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Wednesday, May 9,2012

Scratching their way to the top

Tables keep turning at Capital City DJ Olympics

by Rich Tupica
With the massive success of “American Idol” and “Dancing with the Stars,” it’s clear millions of Americans enjoy watching contestants fight it out for the top spot.

So Patrick Duke co-founded the Capital City DJ Olympics in June 2010, along with Marcus McKissic of BoxCar Management. The champion DJ takes home a trophy, $1,000 in gear provided by the Lansing Office of Community Media, a gig at Common Ground and other prizes.

“People want to see competition — it’s billed as a competition, but it’s actually an awareness movement. We’re trying to resurrect the DJ,” said Duke, who is getting set to host the Capital City DJ Olympics finals on Saturday at 621 the Spot in Lansing. Finalists include DJ Ruckus, Captain Eman, DJ Cha Chi and DJ Sizl.

Duke, who performs under the DJ Duke moniker, said DJs from across the state show up to compete. Each competitor is judged on four criteria: creativity, mixology, crowd control and “turntablism.” The events are spread across months, with many preliminary events leading up to the finale. 

“The bulk of our DJs are nightclub DJs. A lot of their stuff is electronic-based, Top 40-based, house music-based, techno, hip-hop, drum and bass — it’s a lot of high-energy stuff,” Duke said. “But we’re getting a lot of diverse DJs coming in, we have guys like DJ Ruckus, he’s a great example. 

“When Ruckus shows up to the DJ Olympics this guy is breaking out some obscure stuff,” he added. “He probably does that because he knows the DJs will see he’s doing off-the-beaten-path stuff. It’s like art: You have more appreciation for artists who do things off the beaten path.”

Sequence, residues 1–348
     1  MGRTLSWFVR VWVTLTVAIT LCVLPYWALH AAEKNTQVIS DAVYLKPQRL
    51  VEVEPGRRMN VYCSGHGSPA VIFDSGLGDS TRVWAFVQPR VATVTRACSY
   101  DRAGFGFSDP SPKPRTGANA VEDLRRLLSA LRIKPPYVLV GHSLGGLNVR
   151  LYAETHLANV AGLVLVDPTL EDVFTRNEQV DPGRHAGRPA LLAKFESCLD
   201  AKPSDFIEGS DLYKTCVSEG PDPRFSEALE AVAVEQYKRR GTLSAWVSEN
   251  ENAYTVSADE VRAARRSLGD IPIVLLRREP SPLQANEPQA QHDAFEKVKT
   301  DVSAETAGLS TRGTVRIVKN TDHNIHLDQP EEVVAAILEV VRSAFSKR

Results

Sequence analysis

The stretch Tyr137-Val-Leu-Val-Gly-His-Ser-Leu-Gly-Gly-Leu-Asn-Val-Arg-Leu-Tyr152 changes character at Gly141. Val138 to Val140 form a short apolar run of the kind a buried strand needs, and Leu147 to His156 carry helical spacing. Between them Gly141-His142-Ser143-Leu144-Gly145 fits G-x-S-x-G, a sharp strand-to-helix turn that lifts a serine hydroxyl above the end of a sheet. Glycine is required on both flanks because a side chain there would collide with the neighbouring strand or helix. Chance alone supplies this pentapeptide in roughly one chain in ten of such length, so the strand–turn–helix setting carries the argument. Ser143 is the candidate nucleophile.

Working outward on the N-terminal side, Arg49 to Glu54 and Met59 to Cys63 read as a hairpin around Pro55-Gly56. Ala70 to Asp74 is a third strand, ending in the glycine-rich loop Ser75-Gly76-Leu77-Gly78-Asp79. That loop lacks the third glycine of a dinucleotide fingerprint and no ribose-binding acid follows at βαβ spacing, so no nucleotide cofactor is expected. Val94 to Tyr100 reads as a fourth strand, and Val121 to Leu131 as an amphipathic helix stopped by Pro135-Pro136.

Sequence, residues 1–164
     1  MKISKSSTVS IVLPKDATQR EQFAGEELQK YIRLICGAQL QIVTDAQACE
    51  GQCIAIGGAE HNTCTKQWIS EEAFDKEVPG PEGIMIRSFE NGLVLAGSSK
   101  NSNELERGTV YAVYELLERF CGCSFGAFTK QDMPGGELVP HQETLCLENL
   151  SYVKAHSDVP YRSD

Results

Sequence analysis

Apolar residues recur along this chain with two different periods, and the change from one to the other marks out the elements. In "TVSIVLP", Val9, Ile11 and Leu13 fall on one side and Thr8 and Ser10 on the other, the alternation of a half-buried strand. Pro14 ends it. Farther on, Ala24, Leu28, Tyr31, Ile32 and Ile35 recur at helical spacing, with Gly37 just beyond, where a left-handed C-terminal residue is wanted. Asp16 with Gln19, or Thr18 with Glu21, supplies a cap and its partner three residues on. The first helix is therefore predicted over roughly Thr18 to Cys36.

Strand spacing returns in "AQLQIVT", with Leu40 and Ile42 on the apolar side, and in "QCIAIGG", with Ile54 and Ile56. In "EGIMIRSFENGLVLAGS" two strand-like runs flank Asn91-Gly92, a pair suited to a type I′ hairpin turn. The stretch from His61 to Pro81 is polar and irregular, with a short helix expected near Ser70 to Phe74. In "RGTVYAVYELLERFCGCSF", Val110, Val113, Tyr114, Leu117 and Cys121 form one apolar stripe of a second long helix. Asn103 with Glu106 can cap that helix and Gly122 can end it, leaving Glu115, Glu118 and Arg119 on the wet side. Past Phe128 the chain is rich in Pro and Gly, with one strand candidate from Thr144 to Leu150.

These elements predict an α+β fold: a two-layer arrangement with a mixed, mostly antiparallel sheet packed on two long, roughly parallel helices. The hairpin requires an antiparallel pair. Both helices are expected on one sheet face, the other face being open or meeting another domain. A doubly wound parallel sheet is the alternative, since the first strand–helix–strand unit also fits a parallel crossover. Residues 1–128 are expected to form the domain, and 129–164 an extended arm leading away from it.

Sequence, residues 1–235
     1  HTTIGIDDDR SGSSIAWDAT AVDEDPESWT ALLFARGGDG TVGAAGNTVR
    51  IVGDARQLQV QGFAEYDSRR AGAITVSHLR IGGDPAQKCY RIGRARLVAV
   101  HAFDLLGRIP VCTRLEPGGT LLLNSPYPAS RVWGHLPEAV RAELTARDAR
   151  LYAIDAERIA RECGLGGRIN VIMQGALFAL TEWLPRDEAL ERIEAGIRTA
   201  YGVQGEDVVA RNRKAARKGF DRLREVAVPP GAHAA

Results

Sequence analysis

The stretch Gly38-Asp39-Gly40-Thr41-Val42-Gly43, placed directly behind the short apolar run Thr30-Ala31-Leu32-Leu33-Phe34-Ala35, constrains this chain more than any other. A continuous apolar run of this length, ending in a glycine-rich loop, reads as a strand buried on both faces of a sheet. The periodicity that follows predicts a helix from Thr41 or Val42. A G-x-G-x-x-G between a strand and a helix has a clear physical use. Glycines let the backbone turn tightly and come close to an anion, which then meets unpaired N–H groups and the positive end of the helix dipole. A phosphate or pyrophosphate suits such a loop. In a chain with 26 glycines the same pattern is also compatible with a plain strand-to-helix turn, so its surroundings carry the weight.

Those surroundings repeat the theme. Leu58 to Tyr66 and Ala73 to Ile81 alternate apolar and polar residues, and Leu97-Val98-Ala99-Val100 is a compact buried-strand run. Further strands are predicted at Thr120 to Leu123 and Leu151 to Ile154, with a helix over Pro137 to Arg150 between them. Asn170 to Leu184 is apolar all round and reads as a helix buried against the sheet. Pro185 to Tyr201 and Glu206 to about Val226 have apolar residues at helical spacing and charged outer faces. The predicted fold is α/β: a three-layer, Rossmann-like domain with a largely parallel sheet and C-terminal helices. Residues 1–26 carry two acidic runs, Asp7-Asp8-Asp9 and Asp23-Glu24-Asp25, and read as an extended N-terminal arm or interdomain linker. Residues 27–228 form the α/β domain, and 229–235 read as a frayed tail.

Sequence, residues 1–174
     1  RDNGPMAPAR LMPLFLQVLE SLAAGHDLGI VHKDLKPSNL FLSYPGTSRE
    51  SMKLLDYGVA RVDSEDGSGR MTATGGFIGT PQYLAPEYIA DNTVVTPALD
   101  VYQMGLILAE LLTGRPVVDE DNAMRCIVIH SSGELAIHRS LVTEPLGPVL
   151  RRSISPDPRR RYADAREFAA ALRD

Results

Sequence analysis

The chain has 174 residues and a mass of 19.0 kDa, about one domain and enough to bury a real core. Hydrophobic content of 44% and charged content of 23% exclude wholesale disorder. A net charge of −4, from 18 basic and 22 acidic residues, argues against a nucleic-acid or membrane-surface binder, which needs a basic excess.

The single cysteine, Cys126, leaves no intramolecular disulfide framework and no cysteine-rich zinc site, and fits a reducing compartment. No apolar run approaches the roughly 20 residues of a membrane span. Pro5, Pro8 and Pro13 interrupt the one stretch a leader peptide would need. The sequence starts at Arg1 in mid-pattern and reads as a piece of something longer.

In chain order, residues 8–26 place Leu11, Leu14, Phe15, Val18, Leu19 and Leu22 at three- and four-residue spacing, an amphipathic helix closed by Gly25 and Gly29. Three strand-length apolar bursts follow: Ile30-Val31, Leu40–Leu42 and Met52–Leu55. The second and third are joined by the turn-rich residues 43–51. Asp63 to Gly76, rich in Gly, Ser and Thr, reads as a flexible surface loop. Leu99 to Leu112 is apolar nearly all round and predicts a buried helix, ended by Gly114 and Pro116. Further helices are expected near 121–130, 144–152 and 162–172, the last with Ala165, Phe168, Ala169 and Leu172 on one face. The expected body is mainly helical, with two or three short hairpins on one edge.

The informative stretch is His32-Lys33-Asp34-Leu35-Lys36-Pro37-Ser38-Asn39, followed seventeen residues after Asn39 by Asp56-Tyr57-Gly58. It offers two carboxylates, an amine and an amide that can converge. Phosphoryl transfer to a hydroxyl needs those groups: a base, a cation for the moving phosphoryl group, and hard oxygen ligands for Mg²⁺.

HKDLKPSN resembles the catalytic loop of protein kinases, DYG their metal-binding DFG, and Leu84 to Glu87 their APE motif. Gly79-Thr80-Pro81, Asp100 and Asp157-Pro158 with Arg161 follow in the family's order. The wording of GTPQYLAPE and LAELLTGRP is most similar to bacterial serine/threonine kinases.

Steve “DJ Ruckus” Swart, a veteran Lansing-based DJ, said the competitions have encouraged DJs to hone their skills and branch out of their comfort zones.

“To some degree it raises the level of skill amongst DJs in this area,” Swart said. “There isn’t always a lot of incentive to keep learning and develop new skills, especially when most clubgoers don’t really appreciate it. This has created a strong incentive for DJs to take their craft seriously.  It has also helped create a lot of camaraderie among local DJs.”

So why did Duke decide to spotlight local nightclub DJs of all genres?

“Part of the problem with people not knowing or respecting the DJs right now is because the focus is not on them. Nobody knows who they are,” he explained. “What we’ve been talking about for the past few years is putting the DJ’s face back with the music.” 

Capital City DJ Olympics

8 p.m. Saturday, May 12

621 The Spot

621 E. Michigan Ave., Lansing

$10; 21 and over

www.facebook.com/CCDJO

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